This concept of behavioural finance is called life span investing or life span trading. To that extent, if you take 75 and deduct 25 which is what an average Robin Hood trader would be aged at, a Robin Hood trader can afford to put in 50% of his capital in trading because the risk appetite is there and there is a lifetime of opportunities and time to start earning and make back the losses if any are incurred in trading.

So there is no hard and fast rule as to how much you can set aside your money for trading and investment. From my point of view, feel free to disagree with me, I'm okay with that, as long as the disagreement is polite, as you progress in your age, your risk appetite should come down and your exposure to trading should also come down. Does it mean that trading is a young man's game necessarily?

No. It is actually a seasoned man's game. I'm gonna tell you why and I am gonna use behavioural finance again. As you grow older, you start to have majority of thought and experience that stands with you more than any dogmatic or theoretical knowledge that a inexperienced person might have. Now, if you are somebody like me who believes in statistical analysis and quantifying trading and investment systems, you would know what I am talking about. Mutual fund managers swear by a metric called the efficiency ratio. Very simply, it means for the same amount of money that you had last year, this year you will try to make a higher profit on the same capital or for a slightly lower amount of money, you will try to make the same amount of profit that you made last year in spite of the fact that your capital base was higher. Now this is called the efficiency frontier.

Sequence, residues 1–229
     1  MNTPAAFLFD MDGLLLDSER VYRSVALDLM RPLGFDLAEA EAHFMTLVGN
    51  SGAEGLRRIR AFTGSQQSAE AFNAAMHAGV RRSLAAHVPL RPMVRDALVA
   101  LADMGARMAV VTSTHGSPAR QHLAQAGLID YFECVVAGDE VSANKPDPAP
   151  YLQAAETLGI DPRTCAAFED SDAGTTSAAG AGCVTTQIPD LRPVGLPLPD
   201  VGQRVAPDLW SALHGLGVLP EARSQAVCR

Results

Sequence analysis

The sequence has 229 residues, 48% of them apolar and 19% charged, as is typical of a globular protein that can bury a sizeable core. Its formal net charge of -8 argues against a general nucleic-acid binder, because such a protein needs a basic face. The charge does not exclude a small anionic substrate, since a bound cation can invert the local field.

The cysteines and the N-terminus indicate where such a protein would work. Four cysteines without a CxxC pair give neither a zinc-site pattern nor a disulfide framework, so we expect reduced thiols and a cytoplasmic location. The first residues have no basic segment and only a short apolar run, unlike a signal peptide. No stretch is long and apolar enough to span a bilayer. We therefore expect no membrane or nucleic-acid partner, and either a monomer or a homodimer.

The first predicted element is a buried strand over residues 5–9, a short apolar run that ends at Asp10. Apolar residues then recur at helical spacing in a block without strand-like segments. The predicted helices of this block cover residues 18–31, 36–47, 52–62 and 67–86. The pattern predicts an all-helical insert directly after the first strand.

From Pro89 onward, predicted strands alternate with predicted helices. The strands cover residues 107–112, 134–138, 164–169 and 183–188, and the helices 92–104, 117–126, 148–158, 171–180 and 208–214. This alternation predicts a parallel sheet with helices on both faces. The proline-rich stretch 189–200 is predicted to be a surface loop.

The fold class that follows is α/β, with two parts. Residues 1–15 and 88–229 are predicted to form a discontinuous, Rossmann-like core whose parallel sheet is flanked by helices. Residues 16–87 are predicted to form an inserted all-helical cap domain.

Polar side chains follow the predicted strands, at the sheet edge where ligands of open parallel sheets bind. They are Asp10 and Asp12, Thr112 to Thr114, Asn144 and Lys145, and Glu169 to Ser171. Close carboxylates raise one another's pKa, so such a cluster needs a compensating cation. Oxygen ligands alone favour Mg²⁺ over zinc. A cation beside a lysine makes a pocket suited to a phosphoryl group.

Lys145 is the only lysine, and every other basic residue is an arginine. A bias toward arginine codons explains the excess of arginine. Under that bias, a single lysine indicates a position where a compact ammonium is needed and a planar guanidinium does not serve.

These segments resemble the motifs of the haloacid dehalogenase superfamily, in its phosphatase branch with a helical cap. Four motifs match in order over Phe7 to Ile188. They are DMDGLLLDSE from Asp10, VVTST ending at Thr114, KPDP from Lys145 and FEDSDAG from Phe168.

The older guys, are definitely, if they've done things right, are higher up on the efficiency frontier. To that extent, they better deployers of capital and they know how to get more profits out of trading with smaller capital outflow. So just because you're advanced in age does not mean that you are hampered or in any way likely to make less money than your younger counterparts. Your younger counterparts may be going through the process of evolution and self-discovery and learning about the markets and their own pain and pressure points, and therefore, might not make as much in percentile returns as you would. So even though the older guys are leaving less along allocation for trading, they might actually walk away with the prom queen.

Then the other thing that the elder guys would have, in my humble opinion I've seen many people, have understood the concept of risk. Here again in the mutual fund industry and definitely in the hedge fund industry. I've shared with you how I have a pipe dream of having my own personal private little hedge fund, wherein I put in my family's money and trade with the high frequency trading systems that we are working on. So hedge funds would swear by a metric called a Jensen's measure. Now the Jensen's measure very clearly says that if you are going to take an additional unit of risk, that risk is justified if it gives you more than one additional unit of reward, which is profit. Unless the Jensen's measure tells you that unless your yield is higher than your risk, you will not take that risk. That's something comes with experience and age. To that extent, the older guys like me tend to have fewer and smaller losses as compared to the younger guys, because the younger people are still in the process of learning.